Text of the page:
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Brady Mowbray: National Merit Scholarship semifinalist

Brady Mowbray crouches in front of EHS

Elizabeth High School senior Brady Mowbray’s hard work and varied interests in school have resulted in him being named a semifinalist for the National Merit Scholarship. 

Today, officials of the National Merit Scholarship Corporation in Evanston, Illinois, unveiled their list of 16,000 semifinalists in the 68th annual National Merit Scholarship Program. The nationwide pool of semifinalists represents less than 1% of U.S. high school seniors.

Brady, who currently ranks first in his class at EHS, is among the academically talented high school seniors who have an opportunity to continue in the competition for some 7,250 National Merit Scholarships worth nearly $28 million that will be offered next spring. 

To be considered for the Merit Scholarship award, semifinalists must fulfill several requirements to advance to the finalist level of the competition. About 95% of the semifinalists are expected to attain finalist standing, and approximately half of the finalists will win a National Merit Scholarship, earning the Merit Scholar title.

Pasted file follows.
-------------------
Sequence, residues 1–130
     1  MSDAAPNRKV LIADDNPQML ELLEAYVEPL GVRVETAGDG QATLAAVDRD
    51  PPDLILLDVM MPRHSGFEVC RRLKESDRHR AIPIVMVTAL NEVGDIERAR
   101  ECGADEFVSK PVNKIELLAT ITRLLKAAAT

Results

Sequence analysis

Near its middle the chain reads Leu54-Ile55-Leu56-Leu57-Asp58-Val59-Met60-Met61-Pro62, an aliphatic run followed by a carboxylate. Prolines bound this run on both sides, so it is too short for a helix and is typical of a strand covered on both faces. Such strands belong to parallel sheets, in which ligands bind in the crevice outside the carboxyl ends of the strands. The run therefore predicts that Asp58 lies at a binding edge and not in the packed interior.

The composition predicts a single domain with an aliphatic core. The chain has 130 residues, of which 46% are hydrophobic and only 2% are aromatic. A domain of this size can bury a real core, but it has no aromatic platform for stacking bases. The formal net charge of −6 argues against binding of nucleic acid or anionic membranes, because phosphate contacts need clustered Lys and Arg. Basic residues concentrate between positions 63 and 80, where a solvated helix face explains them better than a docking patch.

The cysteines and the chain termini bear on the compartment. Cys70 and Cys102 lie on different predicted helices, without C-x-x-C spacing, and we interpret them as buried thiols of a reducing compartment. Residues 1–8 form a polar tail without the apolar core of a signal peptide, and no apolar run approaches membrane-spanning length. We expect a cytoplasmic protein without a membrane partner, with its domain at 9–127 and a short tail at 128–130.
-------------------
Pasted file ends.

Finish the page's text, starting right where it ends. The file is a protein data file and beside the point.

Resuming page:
What it takes to be a semifinalist

High school juniors entered the 2023 National Merit Scholarship Program by taking the 2021 Preliminary Scholastic Aptitude Test/National Merit Scholarship Qualifying Test (PSAT/NMSQT), which served as an initial screen of program entrants.

To become a finalist, the semifinalist and a high school official must submit a detailed scholarship application, in which they provide information about the semifinalist’s academic record, participation in school and community activities, demonstrated leadership abilities, employment, and honors and awards received. A semifinalist must have an outstanding academic record throughout high school, be endorsed and recommended by a high school official, write an essay, and SAT or ACT scores that confirm the student’s earlier performance on the qualifying test. 

Out of the three times Brady has taken the SAT, his top score was 1,550. A perfect score on the test is 1,600. 

“Math is probably my strong suit; I don’t think I’m very bad in any of the other subjects, either,” Brady said, understating his academic successes. According to EHS principal Bret McClendon, the lowest grade the senior has received in high school is a couple of A’s: Everything else has been an A+.